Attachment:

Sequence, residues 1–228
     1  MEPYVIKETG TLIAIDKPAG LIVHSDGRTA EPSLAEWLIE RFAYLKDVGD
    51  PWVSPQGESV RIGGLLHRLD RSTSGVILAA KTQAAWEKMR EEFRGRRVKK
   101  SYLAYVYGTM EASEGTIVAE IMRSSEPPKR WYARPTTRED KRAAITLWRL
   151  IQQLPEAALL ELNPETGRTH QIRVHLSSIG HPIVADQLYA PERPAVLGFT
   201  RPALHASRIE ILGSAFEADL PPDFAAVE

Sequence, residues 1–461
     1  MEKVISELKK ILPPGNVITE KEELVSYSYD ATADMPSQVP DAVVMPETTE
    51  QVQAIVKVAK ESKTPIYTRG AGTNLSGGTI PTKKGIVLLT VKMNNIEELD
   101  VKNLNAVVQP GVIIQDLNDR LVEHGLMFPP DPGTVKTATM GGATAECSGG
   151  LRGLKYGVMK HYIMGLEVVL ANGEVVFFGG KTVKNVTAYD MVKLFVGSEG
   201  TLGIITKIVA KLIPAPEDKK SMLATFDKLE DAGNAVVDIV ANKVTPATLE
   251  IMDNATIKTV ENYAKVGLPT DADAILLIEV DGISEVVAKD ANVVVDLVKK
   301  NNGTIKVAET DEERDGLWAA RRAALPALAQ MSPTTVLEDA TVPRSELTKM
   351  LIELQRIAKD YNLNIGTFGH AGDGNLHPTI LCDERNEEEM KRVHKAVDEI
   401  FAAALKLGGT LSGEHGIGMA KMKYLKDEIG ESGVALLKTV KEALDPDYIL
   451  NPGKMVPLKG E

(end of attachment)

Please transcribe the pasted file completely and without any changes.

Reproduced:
Sequence, residues 1–228
     1  MEPYVIKETG TLIAIDKPAG LIVHSDGRTA EPSLAEWLIE RFAYLKDVGD
    51  PWVSPQGESV RIGGLLHRLD RSTSGVILAA KTQAAWEKMR EEFRGRRVKK
   101  SYLAYVYGTM EASEGTIVAE IMRSSEPPKR WYARPTTRED KRAAITLWRL
   151  IQQLPEAALL ELNPETGRTH QIRVHLSSIG HPIVADQLYA PERPAVLGFT
   201  RPALHASRIE ILGSAFEADL PPDFAAVE

Sequence, residues 1–461
     1  MEKVISELKK ILPPGNVITE KEELVSYSYD ATADMPSQVP DAVVMPETTE
    51  QVQAIVKVAK ESKTPIYTRG AGTNLSGGTI PTKKGIVLLT VKMNNIEELD
   101  VKNLNAVVQP GVIIQDLNDR LVEHGLMFPP DPGTVKTATM GGATAECSGG
   151  LRGLKYGVMK HYIMGLEVVL ANGEVVFFGG KTVKNVTAYD MVKLFVGSEG
   201  TLGIITKIVA KLIPAPEDKK SMLATFDKLE DAGNAVVDIV ANKVTPATLE
   251  IMDNATIKTV ENYAKVGLPT DADAILLIEV DGISEVVAKD ANVVVDLVKK
   301  NNGTIKVAET DEERDGLWAA RRAALPALAQ MSPTTVLEDA TVPRSELTKM
   351  LIELQRIAKD YNLNIGTFGH AGDGNLHPTI LCDERNEEEM KRVHKAVDEI
   401  FAAALKLGGT LSGEHGIGMA KMKYLKDEIG ESGVALLKTV KEALDPDYIL
   451  NPGKMVPLKG E